What To Do About Fibromyalgia Foot Pain

Fibromyalgia Foot Pain Symptoms and Solutions

People who suffer from fibromyalgia can experience foot pain that affects their ability to exercise, walk, stand, or perform daily tasks. Though foot issues are not always associated with fibromyalgia, the increased sensitivity experienced by people with the condition can lead to pain, with or without any other underlying cause.

If you have fibromyalgia foot pain symptoms, speak to your podiatrist about what you can do to eliminate the pain. It may be that you are someone who will benefit from adding a pair of arch support insoles that provide extra support and cushioning for your feet.

THE BASICS ---

  • Fibromyalgia affects the way your brain processes nerve signals, especially pain. It affects more women than men and is linked to an inflammation in the brain.
  • Many fibromyalgia sufferers report pain in their feet. This pain can be exacerbated by an underlying foot condition. If biomechanical irregularities are making fibromyalgia foot pain more prominent, a quality pair of insoles can help. 
  • Treatments for fibromyalgia include anti-inflammatory medicines, over-the-counter and prescription pain relievers, antidepressants, muscle relaxants, sleep medication, and anti-seizure medications.
  • For relief from fibromyalgia foot pain, speak with your doctor, wear proper footwear, take it slow and try using insoles.

WHICH INSOLES ARE RIGHT FOR ME?

WHAT YOU NEED TO KNOW ---

What Is Fibromyalgia?

Fibromyalgia is a medical condition that affects the way your brain processes nerve signals, especially pain. It affects about 4 million adults in the US, which is about 2% of the adult population.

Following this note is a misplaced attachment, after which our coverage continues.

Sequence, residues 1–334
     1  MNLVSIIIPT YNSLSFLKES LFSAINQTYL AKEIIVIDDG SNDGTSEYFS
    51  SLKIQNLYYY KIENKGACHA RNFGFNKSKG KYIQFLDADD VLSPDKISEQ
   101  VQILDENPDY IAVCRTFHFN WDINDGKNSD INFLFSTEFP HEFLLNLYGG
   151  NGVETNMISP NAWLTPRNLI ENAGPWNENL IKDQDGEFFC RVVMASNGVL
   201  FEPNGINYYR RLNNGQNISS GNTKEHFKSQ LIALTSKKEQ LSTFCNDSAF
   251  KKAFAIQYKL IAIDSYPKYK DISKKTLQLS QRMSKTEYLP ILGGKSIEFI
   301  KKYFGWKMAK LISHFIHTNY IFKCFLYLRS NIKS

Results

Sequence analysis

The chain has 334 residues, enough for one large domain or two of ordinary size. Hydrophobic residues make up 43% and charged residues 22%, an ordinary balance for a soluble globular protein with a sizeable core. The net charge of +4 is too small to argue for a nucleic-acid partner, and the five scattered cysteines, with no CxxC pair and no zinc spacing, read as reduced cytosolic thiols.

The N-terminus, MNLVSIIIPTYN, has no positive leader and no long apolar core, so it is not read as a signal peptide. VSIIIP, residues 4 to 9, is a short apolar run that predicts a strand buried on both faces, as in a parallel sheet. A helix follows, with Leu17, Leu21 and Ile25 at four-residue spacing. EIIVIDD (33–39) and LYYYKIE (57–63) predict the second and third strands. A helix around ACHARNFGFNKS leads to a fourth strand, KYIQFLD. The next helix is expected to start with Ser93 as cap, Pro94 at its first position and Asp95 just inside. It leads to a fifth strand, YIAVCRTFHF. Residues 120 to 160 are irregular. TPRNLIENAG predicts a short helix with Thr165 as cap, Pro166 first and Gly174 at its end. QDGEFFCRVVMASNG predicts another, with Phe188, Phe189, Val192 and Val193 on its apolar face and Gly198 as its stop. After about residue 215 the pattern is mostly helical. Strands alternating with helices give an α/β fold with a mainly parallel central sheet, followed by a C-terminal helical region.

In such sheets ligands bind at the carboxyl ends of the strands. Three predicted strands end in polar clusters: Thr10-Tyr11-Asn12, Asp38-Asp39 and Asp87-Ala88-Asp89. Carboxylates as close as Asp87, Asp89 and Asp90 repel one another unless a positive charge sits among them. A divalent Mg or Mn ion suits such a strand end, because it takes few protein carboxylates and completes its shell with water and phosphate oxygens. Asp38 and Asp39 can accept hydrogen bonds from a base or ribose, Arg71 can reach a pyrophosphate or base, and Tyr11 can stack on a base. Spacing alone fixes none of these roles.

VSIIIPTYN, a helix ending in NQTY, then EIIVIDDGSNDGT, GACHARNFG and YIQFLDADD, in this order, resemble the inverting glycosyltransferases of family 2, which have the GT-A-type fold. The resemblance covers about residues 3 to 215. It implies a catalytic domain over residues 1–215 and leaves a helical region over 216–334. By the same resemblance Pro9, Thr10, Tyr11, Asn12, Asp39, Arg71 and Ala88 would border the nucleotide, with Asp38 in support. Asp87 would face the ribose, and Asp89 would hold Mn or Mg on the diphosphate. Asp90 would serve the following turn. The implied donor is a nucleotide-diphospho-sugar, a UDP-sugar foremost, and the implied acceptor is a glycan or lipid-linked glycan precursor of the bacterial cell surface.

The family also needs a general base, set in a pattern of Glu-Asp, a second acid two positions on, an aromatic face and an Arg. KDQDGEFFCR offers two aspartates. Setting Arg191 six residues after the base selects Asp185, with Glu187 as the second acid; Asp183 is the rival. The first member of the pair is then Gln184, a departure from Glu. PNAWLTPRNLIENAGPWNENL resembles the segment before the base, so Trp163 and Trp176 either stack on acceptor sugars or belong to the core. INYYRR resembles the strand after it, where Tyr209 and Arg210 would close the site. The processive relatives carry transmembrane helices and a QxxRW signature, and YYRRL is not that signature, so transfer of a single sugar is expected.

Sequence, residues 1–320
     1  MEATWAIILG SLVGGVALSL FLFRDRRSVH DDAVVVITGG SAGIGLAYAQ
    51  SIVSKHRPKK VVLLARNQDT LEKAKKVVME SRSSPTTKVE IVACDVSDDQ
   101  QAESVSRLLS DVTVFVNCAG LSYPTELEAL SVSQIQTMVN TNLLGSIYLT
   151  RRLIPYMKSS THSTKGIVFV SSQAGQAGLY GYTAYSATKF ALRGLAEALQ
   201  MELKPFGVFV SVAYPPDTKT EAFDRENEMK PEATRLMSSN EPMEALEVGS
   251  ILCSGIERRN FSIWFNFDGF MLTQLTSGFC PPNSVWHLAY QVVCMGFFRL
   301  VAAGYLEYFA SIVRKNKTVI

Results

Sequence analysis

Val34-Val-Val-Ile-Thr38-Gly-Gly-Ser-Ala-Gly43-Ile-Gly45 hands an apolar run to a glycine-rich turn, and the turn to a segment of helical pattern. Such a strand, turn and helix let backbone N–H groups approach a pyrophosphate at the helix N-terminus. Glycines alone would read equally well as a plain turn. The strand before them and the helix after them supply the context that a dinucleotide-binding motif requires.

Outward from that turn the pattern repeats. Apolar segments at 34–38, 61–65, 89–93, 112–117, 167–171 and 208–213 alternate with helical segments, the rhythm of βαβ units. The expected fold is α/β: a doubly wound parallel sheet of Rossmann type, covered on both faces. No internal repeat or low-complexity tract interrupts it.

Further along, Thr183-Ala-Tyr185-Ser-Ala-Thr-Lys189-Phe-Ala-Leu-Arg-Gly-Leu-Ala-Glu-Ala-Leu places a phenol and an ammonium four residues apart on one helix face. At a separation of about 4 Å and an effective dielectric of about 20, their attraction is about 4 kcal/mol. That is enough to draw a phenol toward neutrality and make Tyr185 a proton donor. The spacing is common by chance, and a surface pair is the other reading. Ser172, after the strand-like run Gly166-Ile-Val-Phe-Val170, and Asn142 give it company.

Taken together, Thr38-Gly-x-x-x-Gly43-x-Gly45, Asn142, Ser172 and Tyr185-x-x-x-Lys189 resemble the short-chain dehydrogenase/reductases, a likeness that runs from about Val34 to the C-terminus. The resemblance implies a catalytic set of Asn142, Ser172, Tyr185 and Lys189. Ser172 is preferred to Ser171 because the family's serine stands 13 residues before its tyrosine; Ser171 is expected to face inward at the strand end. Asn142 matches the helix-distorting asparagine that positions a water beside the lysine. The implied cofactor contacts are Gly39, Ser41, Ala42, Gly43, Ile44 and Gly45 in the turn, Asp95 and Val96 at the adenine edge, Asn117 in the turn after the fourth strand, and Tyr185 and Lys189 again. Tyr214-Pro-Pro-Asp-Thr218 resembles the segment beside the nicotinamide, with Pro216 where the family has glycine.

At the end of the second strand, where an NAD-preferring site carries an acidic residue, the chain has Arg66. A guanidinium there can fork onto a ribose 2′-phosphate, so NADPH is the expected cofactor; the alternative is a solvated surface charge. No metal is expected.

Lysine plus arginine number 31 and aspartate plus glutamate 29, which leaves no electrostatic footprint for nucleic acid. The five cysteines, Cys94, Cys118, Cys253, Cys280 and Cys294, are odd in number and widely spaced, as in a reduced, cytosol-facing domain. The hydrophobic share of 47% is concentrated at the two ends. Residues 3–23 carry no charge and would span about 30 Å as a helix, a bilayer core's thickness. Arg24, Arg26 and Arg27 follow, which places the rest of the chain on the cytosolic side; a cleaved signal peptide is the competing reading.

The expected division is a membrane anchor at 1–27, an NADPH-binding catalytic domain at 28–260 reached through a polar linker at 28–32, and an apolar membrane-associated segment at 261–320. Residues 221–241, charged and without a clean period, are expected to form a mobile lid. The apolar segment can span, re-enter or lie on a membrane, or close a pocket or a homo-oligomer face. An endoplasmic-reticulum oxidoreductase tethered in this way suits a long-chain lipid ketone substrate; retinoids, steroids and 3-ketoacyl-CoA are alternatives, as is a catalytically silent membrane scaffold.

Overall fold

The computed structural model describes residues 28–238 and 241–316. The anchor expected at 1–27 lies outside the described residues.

People with fibromyalgia may experience:

  • Extreme musculoskeletal discomfort
  • Headaches
  • Bowel problems
  • Depression and other mood disorders
  • Sleep pattern disruption
  • Fatigue
  • Jaw pain
  • Memory issues

Am I At Risk Of Developing Fibromyalgia?

While scientists have yet to discover the cause of fibromyalgia, they have found evidence that links it to an inflammation in the brain. 

According to pain management expert Benjamin Abraham, MD, "We still don't full understand what causes fibromyalgia. But brain scans of patients with fibromyalgia show this neuroinflammation."

You may be at a higher risk of developing fibromyalgia if someone in your immediate family has the disorder. It is believed that the condition may be caused by a genetic mutation that can be inherited.

Severe physical or psychological stress may also contribute to the development of fibromyalgia, as can certain bacterial or viral infections. If you suffer from arthritis or other autoimmune disorders, you could be at a higher risk as well.

Women are more likely than men to develop the condition and to experience fibromyalgia foot pain. In fact, as many as 90% of cases are diagnosed in females, according to US government statistics. When men do develop fibromyalgia, their symptoms are typically fewer, milder and less frequent.

Can Fibromyalgia Cause Foot Pain?

While pain is more often felt elsewhere due to the condition, studies have indicated that a significant number of fibromyalgia suffers do report pain in their feet. In fact, an Arthritis Research & Therapy study found that 50 percent of fibromyalgia patients surveyed experience pain in their feet.

The bottom line is that people with fibromyalgia have higher sensitivity to pain and lower pain tolerance. If you are experiencing pain in your feet, it is very possible that it is a symptom of underlying foot problems.

While the pain may not be a direct result of fibromyalgia, an underlying foot condition could be making pain more prominent than it otherwise might be for those who do not have fibromyalgia. The good news is that many biomechanical irregularities in your feet can be corrected with a quality pair of insoles.

Fibromyalgia Treatments

There is no known cure for fibromyalgia. Most treatments are instead designed to help relieve symptoms. Because each case is unique, health care providers tailor treatment to the individual, using medicine, physical therapy, and lifestyle advice to address the particular complaints of each patient.